What Every College Student Should Know About Bipolar Disorder

Depression. Eating disorders. Anxiety. It’s hard to escape the ugly truth that mental illness is a major health concern on college campuses across the nation. In a survey conducted by Her Campus of 92 undergraduates from various universities, 71% reported knowing someone who has been diagnosed with a mental illness while in college. In addition, 70% believe that mental health issues are prevalent among their student body. Despite heightened awareness of the most commonly diagnosed disorders, like depression or anorexia, a significant but lesser known illness escapes the mental health education of many collegiettes: bipolar disorder.

The National Institute of Mental Health asserts that bipolar disorder is most often diagnosed in college-age individuals. Only 2.3 million Americans are diagnosed bipolar patients, but the peak age of onset of the disorder is 18-22. Moreover, the number of college students being diagnosed with bipolar disorder has increased in recent years, says Nilda Hernandez, Ph.D., former Associate Professor of the Social Work Department at the College of New Rochelle. Bipolar disorder may seem complicated or scary, but it’s more relevant to college students now than ever before.

What is Bipolar Disorder?
Bipolar disorder is “a psychiatric illness in which a person has abnormal moods reflecting two opposite poles: depression on the one hand, and mania, a state of abnormally elevated energy, on the other,” says Dr. Richard Kadison, Chief of Mental Health Services at Harvard University, in his book, College of the Overwhelmed. Bipolar disorder is a type of depression, but unlike in major “unipolar” depression, bipolar individuals alternate between extreme emotional highs and lows. They sometimes have “episodes,” heightened periods of depression or mania lasting more than a week but behave normally in between episodes.

"You could say that a bipolar person cycles through emotional highs and lows faster than the mood swings of an average person,” says Roy Stefanik, DO, assistant professor in the Department of Psychiatry at the Georgetown University School of Medicine. “In addition, the amplitude of their highs and lows is much greater than that of a normal individual.”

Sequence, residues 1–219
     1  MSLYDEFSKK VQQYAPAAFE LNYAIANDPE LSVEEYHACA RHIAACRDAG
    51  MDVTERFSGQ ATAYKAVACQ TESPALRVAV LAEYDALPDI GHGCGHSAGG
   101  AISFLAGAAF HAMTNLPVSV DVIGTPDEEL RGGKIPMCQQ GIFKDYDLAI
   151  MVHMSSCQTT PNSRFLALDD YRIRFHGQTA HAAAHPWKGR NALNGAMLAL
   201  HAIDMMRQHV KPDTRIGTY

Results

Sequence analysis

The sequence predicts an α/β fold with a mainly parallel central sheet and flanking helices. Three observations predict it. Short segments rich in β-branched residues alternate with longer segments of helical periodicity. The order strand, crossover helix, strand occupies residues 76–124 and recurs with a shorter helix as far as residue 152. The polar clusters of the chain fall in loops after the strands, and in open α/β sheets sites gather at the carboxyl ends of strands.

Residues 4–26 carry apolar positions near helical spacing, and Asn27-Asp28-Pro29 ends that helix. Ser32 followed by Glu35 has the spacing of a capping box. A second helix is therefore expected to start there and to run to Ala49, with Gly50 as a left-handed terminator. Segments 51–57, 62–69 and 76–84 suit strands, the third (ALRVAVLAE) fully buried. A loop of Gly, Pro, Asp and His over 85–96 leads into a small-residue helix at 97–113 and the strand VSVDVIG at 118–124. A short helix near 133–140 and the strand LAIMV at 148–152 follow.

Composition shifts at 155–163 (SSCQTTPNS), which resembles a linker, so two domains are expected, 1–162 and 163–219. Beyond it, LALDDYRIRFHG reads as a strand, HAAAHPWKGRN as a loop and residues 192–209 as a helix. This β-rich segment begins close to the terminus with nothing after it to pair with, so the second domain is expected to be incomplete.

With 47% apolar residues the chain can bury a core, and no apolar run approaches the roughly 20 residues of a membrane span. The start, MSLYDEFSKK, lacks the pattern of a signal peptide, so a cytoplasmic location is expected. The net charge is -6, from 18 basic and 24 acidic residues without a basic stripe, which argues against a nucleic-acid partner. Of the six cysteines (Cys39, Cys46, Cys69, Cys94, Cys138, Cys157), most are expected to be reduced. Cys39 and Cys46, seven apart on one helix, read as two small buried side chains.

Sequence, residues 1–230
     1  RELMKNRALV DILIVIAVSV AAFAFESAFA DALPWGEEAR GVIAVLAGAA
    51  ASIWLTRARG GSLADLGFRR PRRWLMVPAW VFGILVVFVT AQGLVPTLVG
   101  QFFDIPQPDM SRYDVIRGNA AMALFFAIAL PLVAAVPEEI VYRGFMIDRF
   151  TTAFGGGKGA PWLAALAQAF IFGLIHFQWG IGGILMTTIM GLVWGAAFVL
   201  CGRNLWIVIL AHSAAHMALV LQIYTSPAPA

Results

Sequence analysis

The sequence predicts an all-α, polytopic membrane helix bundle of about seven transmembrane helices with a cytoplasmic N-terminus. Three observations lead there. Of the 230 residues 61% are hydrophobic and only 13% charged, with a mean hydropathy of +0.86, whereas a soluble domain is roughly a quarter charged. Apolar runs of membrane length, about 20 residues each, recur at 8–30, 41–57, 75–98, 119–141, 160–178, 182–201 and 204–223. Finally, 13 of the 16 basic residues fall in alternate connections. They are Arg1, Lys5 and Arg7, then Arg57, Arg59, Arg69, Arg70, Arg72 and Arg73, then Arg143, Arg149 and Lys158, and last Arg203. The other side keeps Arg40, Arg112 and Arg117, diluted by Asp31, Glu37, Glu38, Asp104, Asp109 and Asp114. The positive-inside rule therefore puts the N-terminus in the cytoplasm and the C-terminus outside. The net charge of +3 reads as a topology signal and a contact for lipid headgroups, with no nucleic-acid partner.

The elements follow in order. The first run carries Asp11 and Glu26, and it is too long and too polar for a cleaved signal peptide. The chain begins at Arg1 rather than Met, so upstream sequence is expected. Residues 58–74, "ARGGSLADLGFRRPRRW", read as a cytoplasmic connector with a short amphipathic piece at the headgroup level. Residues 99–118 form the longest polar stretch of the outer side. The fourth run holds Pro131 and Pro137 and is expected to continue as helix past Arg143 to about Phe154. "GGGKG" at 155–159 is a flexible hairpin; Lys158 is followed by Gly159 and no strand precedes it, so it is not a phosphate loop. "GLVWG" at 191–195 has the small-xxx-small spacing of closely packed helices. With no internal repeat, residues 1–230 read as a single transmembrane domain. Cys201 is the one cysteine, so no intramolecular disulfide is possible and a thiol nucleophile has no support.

You’ve probably heard about the severe feelings of hopelessness, fatigue, and anxiety that characterize depression, but many people are unfamiliar with mania, the other component of bipolar disorder. Dr. Hernandez explains that a manic episode can consist of any of the following symptoms:

  • Racing thoughts
  • Rapid speech
  • Sleeplessness
  • Impulsive behavior
  • Inflated self-esteem
  • Trouble focusing
  • Difficulty Functioning
  • Hallucinations
  • Paranoia

“For college students, mania can translate to staying out all night partying, shopping sprees, gambling, promiscuity, or lawbreaking,” says Dr. Stefanik. Of course, impulsive behavior takes on a different meaning from person to person, and risky behavior is all too common at wild college parties, but when a person’s judgment is clearly impaired or they are doing something they wouldn’t normally, it could be considered a manic episode.

An early sign of bipolar disorder is a drastic change in sleep schedule, which indicates that a person is having their first, mild manic episode. The episode usually consists of getting very little sleep, from two to three hours a night, over the course of several days. Unlike the all-nighters you may be forced to pull because of a big exam or project every once in a while, these sleepless episodes occur without motivation and do not leave the person feeling especially impaired during the day.

Tarina is a freshman at Harvard University, where she plans to study English. In addition to serving on the Editorial Board of the Harvard Crimson newspaper, Tarina is involved in Philips Brooks House Association, a community service organization, and Ghungroo, Harvard's annual South Asian dance extravaganza. When she's not buried in pre-med classes or Arabic homework, Tarina likes to indulge in Indian soap operas, try unusual cuisine, and speculate on the meaning of life with her partners in crime, AKA friends. She loves creative writing and administrates a fiction blog as well as an online journalism portfolio, and her highly entertaining mishaps often merit publication on Harvard FML.